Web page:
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For Your Misinformation

Conspiracy Theory is Sharp Enough to Make You Paranoid

(This review originally appeared in the August 7-13, 1997 Long Island Voice.)

Reviewed by Beth Hannan Rimmels

You’re not paranoid if they really are out to get you. At least, that’s the idea behind Conspiracy Theory. Mel Gibson stars as Jerry, a typical, talkative, New York City cab driver who has a million theories. He’s obsessed with tying together seemingly random acts like earthquakes, space shuttle launchings and the president’s safety.

Jerry’s also obsessed with Alice (Julia Roberts) Sutton, an attorney for the Justice Department. Alice, in turn, is obsessed with the murder of her father, a federal judge. That, and the fact that he saved her from a mugging, makes Alice a little patient with Jerry, though she gives his theories no credence.

The dominoes start to fall when it turns out one of Jerry’s theories is right. The problem is, he doesn’t know which one. All he does know is that he has flashes of memories that are terrifying and totally disorienting. How does someone who everyone considers a certifiable nut convince people he’s right?

Being kidnapped and interrogated by the smoothly sinister Dr. Jonas (Patrick Stewart) helps. In a harrowing sequence, Jonas tries to probe Jerry’s memory none too gently, but Jerry, using ingenuity a fox would envy, manages to escape. The wounds sustained while escaping, the mysterious death of Jerry’s hospital roommate and an alphabet full of government agents who show up for Jerry’s case makes Alice wonder if there might not be something to the cab driver’s ramblings.

But Conspiracy Theory isn’t a stereotypical buddy movie or romance under duress. While Alice helps Jerry at times, at other points she discovers things that make her doubt him, particularly when part of the conspiracy involves her father’s murder. If nothing else, seeing his apartment, complete with locked refrigerator and padlocked food canisters inside would make her think he’s a lunatic.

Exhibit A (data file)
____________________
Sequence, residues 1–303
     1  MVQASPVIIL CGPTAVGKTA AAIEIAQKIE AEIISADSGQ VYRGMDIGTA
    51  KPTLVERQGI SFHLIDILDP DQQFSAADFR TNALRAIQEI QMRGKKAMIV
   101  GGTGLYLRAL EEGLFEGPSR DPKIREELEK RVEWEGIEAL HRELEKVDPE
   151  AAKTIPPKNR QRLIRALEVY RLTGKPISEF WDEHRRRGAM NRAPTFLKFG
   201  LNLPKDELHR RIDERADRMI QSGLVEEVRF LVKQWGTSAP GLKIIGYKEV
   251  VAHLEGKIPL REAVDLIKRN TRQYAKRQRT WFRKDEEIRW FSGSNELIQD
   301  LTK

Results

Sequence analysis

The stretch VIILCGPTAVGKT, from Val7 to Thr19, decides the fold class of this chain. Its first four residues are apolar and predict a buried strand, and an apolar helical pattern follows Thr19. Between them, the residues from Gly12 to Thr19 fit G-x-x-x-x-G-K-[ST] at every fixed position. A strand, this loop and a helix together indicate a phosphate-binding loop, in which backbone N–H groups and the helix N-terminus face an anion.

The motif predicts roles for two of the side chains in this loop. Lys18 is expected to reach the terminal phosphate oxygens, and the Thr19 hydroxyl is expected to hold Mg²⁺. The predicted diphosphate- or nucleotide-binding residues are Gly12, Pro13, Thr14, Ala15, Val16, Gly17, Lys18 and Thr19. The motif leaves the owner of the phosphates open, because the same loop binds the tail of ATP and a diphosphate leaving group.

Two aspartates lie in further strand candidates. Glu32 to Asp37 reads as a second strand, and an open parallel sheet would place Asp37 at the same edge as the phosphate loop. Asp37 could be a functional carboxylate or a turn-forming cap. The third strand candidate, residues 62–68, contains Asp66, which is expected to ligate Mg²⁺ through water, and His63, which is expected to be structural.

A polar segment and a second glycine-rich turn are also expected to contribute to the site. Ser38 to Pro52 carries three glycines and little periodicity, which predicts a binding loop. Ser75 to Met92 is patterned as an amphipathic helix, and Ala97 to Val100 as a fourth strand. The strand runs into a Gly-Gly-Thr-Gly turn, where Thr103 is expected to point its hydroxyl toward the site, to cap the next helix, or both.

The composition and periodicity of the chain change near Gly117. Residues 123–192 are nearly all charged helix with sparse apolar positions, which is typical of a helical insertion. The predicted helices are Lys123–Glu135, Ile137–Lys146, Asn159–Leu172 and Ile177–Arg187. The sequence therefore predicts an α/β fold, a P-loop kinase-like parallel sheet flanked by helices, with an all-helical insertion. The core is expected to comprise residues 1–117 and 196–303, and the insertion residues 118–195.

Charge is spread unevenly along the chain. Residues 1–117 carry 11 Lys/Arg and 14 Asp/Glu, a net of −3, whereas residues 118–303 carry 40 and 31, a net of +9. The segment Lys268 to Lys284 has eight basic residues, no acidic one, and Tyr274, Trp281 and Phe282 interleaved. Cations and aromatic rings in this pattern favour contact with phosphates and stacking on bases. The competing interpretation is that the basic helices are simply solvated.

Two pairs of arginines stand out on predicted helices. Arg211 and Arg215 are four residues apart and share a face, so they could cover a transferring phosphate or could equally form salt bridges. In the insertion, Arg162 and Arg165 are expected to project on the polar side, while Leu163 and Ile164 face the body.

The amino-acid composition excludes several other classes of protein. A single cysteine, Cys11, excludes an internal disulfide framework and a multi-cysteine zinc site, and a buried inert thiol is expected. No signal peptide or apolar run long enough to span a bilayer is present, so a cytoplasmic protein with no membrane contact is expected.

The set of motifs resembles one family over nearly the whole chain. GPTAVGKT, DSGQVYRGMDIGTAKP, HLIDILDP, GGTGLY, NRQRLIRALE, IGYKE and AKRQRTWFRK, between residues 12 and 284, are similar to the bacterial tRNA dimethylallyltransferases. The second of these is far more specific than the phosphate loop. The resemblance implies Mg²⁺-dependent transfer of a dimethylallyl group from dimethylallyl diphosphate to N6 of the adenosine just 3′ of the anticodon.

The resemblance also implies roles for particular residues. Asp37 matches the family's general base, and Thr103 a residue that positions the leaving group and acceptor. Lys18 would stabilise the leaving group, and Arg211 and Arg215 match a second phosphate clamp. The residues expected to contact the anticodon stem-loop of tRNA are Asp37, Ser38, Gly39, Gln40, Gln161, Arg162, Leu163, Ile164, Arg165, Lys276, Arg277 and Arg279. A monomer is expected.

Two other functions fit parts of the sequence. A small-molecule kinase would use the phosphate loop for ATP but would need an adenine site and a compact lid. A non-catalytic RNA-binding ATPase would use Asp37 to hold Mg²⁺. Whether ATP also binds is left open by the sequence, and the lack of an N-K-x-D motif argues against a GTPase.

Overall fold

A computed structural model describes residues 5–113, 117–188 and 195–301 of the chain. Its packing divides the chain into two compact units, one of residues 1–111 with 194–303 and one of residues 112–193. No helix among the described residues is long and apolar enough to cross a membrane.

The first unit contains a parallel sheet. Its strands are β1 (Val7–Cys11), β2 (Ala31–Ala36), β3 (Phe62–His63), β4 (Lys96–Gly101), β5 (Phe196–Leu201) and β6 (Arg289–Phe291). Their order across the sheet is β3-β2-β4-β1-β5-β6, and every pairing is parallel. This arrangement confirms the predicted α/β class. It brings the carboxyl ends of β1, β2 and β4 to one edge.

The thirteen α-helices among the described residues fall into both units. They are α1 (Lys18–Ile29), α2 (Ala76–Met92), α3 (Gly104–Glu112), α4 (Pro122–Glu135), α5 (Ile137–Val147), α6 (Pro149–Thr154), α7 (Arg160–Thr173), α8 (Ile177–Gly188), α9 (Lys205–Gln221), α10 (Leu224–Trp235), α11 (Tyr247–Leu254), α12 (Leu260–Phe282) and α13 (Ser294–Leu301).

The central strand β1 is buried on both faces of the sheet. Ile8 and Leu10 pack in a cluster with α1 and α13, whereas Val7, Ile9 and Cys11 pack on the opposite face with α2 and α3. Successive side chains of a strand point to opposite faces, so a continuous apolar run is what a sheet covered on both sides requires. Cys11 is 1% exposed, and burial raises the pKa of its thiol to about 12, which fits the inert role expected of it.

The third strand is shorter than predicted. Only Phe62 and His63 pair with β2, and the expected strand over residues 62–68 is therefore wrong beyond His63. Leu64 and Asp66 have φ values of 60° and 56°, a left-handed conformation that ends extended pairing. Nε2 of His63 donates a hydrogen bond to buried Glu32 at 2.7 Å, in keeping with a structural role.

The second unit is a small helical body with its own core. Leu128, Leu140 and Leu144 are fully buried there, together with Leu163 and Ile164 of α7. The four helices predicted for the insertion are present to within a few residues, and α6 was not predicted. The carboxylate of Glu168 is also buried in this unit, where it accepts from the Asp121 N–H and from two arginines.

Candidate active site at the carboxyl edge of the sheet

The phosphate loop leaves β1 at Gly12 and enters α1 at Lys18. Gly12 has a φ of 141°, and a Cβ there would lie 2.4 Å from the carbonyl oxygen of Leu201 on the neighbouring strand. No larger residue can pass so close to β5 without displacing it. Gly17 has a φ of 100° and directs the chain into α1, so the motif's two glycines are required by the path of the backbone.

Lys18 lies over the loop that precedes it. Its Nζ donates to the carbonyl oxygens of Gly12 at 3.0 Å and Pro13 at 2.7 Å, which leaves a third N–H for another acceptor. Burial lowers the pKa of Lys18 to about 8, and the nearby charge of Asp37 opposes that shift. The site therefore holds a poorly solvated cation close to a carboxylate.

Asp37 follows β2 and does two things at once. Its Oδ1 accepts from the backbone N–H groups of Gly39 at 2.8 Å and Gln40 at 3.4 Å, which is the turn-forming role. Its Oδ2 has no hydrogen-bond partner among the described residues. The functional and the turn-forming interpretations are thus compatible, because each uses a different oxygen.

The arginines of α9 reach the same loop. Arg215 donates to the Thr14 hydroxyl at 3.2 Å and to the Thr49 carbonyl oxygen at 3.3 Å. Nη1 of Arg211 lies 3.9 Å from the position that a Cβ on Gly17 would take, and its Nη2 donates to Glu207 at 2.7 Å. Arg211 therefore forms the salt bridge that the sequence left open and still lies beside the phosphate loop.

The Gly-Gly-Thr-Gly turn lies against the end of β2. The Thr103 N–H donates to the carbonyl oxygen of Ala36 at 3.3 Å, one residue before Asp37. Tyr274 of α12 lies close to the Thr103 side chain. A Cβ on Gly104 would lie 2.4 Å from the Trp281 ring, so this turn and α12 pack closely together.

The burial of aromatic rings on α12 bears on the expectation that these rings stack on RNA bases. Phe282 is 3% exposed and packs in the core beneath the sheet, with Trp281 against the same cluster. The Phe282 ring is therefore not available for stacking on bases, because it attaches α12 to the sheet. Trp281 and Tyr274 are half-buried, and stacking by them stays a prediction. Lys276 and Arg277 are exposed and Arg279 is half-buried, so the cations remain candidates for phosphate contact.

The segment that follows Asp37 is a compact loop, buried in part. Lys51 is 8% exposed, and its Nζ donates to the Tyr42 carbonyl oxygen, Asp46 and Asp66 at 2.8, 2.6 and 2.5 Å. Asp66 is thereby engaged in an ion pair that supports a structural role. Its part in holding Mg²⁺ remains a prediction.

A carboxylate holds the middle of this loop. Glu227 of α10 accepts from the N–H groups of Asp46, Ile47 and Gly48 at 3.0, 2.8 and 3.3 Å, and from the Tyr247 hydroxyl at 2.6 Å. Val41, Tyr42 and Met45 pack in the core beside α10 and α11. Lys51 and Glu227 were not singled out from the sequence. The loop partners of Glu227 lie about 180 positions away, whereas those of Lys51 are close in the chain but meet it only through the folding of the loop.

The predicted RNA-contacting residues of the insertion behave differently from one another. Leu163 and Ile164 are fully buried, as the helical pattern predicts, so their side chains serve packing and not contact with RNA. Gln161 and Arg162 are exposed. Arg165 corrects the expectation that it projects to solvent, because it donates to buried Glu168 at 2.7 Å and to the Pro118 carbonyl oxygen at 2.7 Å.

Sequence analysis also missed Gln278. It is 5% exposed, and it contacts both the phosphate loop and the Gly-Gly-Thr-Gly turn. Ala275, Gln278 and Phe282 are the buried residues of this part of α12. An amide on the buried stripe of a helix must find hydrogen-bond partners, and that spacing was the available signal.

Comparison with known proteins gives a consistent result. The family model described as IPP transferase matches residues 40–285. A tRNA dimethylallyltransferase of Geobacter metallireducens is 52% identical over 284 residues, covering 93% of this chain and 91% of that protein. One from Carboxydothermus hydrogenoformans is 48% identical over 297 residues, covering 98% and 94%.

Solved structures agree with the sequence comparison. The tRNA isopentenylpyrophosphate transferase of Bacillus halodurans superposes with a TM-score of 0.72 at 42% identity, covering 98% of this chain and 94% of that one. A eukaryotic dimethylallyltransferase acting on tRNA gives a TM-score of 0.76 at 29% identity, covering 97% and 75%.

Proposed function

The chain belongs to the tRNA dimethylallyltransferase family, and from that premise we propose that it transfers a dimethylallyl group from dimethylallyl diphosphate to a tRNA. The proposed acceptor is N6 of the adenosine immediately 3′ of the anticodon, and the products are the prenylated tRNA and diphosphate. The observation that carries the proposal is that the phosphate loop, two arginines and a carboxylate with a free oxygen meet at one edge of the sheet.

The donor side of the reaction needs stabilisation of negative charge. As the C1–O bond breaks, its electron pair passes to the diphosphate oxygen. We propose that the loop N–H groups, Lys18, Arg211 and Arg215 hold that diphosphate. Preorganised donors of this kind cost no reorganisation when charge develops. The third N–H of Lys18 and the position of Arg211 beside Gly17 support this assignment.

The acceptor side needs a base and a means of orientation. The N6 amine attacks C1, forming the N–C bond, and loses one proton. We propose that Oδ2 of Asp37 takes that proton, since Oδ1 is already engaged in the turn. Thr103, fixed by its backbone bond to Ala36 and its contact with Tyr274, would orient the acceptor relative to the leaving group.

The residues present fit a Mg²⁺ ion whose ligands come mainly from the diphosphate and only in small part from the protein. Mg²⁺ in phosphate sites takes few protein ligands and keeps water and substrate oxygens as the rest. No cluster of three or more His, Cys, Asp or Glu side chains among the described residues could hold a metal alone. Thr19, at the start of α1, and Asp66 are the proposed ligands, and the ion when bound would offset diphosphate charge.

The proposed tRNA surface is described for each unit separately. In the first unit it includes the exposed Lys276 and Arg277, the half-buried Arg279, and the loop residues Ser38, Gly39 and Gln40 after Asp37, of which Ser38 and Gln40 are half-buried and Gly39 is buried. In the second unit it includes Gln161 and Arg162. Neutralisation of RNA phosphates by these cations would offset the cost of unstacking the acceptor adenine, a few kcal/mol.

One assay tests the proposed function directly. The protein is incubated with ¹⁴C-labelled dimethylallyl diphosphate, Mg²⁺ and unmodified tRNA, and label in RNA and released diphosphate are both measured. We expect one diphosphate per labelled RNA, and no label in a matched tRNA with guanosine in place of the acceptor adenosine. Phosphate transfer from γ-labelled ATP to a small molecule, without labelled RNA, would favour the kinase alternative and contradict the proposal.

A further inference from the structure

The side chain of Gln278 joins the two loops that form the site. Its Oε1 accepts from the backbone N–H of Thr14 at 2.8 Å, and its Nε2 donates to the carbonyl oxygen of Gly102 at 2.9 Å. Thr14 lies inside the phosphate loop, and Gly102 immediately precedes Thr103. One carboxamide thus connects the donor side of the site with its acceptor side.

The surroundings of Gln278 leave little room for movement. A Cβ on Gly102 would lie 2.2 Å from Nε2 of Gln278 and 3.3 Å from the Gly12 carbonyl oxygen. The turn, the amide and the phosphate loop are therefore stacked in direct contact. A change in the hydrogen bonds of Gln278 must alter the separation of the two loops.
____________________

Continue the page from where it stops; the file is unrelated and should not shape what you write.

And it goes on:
As Jerry was written with Mel Gibson in mind, it’s no surprise that he’s perfect as the paranoid, gentle, sincere nut. But Jerry is not Martin Riggs as a cabbie. Riggs had problems, but he could function. Jerry is seriously damaged.

Roberts brings the perfect blend of competence, intelligence and obsession to the role of Alice. The film hinges on her relationship with Jerry and a false note would wreck it. As with most films by director Richard Donner, the characters are not superhuman but rather people who use their wits in desperate situations.

Donner has made some of my favorite action films, including the Lethal Weapon series, because they’re exciting and smart. Conspiracy Theory isn’t perfect. For instance, a tracking method used by the bad guys involving an infamous link between assassins is very clever, yet there’s also an inherent flaw when you consider how many stores in Manhattan aren’t computerized. Unlike many action films, the flaws aren’t gaping logic holes. Instead they’re like jigsaw puzzle pieces that look like they should fit, but don’t quite.

A Warner Bros. Release. Directed by Richard Donner.

 

Accompanying photographs  1997 Warner Bros.